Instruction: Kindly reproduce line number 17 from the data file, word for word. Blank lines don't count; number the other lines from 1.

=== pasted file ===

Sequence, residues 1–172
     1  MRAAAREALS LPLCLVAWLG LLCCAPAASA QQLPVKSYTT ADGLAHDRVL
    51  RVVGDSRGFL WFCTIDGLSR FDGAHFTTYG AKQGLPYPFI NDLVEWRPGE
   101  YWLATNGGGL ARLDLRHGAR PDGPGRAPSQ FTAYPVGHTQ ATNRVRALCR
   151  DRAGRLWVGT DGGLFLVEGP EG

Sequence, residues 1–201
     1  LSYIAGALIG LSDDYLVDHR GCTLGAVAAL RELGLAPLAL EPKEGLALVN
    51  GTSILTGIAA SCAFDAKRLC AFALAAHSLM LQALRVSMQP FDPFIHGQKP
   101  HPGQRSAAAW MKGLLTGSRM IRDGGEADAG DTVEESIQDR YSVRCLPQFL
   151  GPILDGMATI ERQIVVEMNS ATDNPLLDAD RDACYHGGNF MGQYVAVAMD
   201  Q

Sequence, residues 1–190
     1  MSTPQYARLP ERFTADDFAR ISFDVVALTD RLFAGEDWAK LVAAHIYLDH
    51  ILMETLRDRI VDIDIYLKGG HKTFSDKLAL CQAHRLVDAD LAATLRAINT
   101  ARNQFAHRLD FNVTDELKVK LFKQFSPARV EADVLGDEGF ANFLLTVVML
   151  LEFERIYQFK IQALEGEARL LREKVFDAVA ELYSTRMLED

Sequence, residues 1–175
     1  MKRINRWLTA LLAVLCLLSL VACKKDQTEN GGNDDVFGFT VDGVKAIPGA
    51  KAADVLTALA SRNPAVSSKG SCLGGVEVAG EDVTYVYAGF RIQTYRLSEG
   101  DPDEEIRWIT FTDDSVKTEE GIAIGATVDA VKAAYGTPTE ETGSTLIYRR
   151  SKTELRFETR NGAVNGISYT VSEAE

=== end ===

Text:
Sequence, residues 1–175